Part of a trilogy exploring how ideas about human nature have shaped practices of social control and education over the course of Chinese history, this volume explores how the most striking political theories and policies of the contemporary period rest on distinctly Chinese theories of mind. Many of these contrast dramatically with long-held Western beliefs, key among them the insistence on the commingling of rational thought, the emotions, and motives. Focusing on the Maoist period (1940s through 1976), Munro reveals convergences between Confucian and Maoist theories of mind, and considers their application in both education and the practice of modern government.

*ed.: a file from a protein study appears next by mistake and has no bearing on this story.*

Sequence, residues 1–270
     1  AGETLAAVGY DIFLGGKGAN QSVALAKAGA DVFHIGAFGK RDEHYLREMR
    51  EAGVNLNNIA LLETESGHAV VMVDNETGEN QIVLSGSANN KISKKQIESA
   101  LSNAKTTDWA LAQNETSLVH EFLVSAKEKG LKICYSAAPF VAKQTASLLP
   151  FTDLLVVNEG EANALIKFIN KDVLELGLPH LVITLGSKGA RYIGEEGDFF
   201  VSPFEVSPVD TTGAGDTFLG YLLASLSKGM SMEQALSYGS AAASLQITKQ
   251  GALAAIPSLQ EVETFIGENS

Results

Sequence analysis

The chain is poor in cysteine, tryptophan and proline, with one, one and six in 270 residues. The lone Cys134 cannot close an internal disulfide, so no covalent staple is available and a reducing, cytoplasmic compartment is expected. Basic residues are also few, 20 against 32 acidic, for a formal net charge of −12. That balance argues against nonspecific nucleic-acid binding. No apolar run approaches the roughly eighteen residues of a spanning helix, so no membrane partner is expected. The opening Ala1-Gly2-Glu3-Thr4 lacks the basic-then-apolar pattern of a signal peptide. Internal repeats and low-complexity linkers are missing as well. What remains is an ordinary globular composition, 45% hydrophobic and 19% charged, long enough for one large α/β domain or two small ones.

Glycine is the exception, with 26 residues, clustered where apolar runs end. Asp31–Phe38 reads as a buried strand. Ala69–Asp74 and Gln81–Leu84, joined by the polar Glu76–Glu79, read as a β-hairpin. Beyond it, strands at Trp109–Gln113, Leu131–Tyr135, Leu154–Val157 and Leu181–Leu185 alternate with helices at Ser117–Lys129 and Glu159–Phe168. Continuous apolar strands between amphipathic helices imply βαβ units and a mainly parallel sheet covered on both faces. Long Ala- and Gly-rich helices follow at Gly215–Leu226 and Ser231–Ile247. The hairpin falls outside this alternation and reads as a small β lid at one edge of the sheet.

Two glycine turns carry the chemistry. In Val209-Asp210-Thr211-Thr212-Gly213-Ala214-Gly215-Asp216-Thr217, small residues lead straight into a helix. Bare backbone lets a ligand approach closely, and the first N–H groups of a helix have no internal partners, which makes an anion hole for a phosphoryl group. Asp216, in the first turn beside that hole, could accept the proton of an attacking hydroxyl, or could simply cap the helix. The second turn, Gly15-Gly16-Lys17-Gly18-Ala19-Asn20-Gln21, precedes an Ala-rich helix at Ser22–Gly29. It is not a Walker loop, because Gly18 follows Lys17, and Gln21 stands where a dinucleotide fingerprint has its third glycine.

Donald J. Munro is Professor Emeritus of Philosophy and Chinese, University of Michigan. His work and career were recently profiled in Xifang Hanxuejia lun Zhongguo (Western sinologists on China), a review of seven key Western contributors to the study of Chinese culture and history.
DONALD J. MUNRO received his A.B. from Harvard College in 1953 and Ph.D. from Columbia University in 1964. Before retiring in 1995, he was Chair of the Department of Asian Languages and Cultures at the University of Michigan, as well as Professor of Philosophy and of Chinese.